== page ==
Leave your title and ego behind – while you may be the most senior manager or the owner, discard your title and ego when you greet your employees. Apply the open-door policy by making yourself available and encouraging interaction. This shows respect and helps to eliminate any perceived sense of elitism.
Be a role model – being consistent in living your company values and principles is extremely important to developing mutual respect. View your employees the same as you would your customers; they are important to the success of your business. Be sure your behaviour matches your values — both in word and deed. Show that you care.
Listen and learn – create opportunities for employees to provide feedback. Listen without judgment. Listen to the good ideas and implement what you can. Listen to critiques employees raise and work to resolve them with the help of your employee. You’ll be surprised by how many people come forward with good ideas. When they do, provide a reward and recognition.
Foster independence and ownership – develop a work culture that encourages and instills independence and personal ownership. Make training a big part of your organization so employees are confident and can work independently. Be sure employees know how their own work contributes to the success of the organization.
Be an effective communicator – employees want to understand the vision of their organization and they want open, honest answers when major changes need to be made. This ranges from being made aware of the rationale for new policies and procedures to an explanation as to why departmental downsizing might be occurring. While an employee may not like your answers, they’ll feel respected by being informed.
Deal with conflict – since interpersonal relationships between work colleagues are a key factor in job satisfaction, it is important to deal with problems quickly. Show respect for both sides of an argument. Search out negative attitudes and begin to overcome them as quickly as you can.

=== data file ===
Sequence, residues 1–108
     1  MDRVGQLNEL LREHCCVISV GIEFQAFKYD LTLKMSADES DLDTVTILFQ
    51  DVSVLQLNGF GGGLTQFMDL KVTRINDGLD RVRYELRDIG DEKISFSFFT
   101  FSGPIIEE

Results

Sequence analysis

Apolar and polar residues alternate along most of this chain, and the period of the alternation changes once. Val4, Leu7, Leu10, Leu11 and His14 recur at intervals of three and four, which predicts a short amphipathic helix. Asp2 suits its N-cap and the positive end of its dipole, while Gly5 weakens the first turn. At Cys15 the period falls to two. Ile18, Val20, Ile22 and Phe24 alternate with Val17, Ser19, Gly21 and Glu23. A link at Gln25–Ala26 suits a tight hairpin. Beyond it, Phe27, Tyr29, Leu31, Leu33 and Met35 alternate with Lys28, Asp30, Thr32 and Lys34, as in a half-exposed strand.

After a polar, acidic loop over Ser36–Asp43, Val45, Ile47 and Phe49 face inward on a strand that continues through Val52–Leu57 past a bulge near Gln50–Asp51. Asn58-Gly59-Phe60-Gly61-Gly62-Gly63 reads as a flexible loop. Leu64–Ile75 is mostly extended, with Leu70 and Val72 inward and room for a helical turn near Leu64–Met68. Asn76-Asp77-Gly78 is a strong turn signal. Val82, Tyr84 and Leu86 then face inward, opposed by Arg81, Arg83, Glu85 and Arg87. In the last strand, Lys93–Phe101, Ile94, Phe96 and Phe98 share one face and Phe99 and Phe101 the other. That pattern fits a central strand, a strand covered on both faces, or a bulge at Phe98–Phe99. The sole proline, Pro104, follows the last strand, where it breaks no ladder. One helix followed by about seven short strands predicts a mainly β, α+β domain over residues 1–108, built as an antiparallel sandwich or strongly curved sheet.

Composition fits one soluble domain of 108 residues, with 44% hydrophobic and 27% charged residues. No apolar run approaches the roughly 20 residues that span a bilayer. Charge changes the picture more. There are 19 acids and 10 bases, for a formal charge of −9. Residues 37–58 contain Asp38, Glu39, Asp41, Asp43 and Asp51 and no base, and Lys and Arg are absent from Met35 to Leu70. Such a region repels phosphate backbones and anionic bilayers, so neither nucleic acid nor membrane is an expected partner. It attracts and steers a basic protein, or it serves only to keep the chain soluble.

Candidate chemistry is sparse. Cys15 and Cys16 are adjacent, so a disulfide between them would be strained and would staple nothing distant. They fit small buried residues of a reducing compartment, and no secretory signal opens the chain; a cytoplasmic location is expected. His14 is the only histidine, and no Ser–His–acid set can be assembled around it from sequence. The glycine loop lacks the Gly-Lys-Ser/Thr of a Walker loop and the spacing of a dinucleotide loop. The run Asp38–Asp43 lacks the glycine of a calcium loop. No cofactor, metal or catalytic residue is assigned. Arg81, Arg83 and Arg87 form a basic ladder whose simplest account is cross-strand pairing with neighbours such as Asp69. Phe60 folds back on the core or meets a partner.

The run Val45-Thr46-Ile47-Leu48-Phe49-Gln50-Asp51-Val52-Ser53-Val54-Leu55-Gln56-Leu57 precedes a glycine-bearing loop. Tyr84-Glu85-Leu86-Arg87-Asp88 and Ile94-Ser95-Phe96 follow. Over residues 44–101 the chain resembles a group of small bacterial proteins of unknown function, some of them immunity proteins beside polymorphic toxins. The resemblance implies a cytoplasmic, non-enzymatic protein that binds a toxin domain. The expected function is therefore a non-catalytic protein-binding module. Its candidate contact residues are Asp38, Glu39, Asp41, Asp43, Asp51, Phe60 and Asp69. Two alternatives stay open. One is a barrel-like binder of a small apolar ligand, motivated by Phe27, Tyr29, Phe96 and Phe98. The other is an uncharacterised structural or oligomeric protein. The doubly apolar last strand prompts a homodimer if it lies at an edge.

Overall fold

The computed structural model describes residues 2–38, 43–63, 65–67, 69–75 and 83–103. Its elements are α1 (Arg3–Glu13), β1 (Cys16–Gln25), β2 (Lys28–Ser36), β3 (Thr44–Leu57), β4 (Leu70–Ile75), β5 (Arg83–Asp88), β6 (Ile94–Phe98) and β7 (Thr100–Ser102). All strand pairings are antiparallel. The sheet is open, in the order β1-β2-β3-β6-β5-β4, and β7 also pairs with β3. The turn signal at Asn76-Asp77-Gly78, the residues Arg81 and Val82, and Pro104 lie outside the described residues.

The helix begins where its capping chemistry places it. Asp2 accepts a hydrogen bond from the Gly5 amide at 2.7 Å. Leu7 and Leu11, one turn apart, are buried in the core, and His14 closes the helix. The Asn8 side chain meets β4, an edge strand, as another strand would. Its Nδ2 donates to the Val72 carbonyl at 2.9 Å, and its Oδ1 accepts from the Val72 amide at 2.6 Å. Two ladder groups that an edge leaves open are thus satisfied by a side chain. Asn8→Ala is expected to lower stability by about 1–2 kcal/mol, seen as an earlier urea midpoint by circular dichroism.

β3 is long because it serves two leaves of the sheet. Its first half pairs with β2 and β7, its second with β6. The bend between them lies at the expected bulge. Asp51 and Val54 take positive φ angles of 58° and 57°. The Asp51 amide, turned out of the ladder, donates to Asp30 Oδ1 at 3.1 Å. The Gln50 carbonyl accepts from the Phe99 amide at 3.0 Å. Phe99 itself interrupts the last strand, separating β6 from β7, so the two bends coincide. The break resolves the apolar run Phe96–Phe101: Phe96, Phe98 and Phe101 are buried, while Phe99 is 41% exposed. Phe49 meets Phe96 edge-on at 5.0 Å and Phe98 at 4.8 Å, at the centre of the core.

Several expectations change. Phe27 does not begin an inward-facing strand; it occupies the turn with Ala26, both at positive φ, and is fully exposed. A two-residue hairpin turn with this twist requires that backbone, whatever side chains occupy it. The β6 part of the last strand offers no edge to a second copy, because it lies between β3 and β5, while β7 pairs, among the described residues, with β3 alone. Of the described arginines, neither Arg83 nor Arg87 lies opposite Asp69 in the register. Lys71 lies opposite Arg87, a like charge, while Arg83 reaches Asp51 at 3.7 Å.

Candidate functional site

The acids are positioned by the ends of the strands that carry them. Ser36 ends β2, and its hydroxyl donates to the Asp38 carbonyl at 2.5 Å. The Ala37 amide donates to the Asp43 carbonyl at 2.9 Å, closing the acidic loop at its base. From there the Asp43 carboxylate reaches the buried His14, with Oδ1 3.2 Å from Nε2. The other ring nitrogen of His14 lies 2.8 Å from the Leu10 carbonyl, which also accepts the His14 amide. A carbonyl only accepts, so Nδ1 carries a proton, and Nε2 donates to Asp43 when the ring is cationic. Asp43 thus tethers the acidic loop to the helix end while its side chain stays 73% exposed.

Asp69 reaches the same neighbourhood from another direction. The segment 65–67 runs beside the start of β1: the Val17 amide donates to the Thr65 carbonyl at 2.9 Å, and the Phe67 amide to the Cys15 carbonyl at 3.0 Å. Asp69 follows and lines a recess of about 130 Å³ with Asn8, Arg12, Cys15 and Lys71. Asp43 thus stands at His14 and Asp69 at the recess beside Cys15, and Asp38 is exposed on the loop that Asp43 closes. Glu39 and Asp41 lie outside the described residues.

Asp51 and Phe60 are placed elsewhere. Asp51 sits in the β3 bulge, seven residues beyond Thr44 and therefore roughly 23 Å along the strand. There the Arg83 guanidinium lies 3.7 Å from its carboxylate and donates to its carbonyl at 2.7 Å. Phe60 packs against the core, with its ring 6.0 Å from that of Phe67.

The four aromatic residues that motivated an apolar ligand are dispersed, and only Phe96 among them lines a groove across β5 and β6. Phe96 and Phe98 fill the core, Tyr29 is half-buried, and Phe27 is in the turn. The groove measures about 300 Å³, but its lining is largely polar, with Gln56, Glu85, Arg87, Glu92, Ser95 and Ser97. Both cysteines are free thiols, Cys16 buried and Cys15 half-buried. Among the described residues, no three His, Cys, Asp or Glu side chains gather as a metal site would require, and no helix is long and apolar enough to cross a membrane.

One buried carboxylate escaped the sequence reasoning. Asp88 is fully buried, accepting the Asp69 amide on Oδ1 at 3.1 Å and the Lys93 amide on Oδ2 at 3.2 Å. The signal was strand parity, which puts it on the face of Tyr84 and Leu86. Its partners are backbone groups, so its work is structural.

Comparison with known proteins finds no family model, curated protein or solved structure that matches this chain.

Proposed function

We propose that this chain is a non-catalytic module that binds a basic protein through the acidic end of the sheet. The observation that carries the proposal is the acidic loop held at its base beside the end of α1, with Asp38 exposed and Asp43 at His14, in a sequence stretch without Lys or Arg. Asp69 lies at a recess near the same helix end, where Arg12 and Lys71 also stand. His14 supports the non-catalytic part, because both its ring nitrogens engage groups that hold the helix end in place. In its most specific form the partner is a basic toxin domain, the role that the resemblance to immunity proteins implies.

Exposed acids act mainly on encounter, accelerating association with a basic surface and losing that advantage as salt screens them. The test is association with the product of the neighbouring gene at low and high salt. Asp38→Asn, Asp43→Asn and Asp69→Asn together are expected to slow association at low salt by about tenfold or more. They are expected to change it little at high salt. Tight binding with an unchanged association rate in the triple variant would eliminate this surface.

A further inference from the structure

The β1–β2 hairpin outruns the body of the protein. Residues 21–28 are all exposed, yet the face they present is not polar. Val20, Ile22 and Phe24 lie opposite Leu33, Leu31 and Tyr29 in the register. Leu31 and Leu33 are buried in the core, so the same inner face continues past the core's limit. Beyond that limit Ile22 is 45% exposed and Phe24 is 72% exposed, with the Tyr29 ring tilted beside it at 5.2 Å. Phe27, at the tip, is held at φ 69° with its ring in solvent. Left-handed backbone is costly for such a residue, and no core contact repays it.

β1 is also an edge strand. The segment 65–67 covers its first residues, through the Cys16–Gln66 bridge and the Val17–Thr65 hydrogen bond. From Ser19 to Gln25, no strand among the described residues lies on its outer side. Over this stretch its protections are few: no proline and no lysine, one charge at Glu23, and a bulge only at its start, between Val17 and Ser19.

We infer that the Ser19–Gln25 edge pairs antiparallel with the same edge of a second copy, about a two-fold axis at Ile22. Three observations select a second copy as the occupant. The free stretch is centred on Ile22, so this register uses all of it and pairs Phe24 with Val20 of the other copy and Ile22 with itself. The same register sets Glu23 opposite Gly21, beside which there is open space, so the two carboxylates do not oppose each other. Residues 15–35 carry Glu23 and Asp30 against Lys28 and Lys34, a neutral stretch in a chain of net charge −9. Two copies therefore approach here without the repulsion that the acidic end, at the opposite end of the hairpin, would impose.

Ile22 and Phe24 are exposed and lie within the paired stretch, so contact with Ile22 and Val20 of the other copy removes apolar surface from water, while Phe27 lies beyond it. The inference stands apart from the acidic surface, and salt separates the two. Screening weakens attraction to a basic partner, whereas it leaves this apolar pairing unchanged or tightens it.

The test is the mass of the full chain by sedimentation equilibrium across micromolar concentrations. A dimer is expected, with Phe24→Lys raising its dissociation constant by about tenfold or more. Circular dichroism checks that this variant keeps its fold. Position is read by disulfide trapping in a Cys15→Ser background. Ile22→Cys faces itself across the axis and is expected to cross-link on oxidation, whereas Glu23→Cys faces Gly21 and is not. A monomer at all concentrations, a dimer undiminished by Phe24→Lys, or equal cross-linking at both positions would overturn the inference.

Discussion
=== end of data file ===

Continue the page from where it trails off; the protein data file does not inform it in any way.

Create a positive culture – define what a positive culture means to you and your employees and begin working toward that goal. Ensure management demonstrates a positive attitude. Involve your employees in developing a vision for success; give them a sense of purpose.
Show appreciation – set up an employee reward and recognition program ranging from awards for attendance, being a model employee, excellent performance, and/or innovation. Celebrate work anniversaries, birthdays and other special events. Train managers to praise, coach, mentor and show appreciation every day.
It’s well known job satisfaction has a direct effect on organizational success. Yet, building trust and respect between employees and management is not as easy as setting a new salary scale or offering a unique employee benefit. Instead, it takes a strong leader who fosters trust and respect throughout the organization. Hire the right people, train them, recognize and reward them and create a workplace family that shares the same values.
Barbara J.Bowes is president of Legacy Bowes Group. She is also an author, professional speaker and executive coach. She can be reached at firstname.lastname@example.org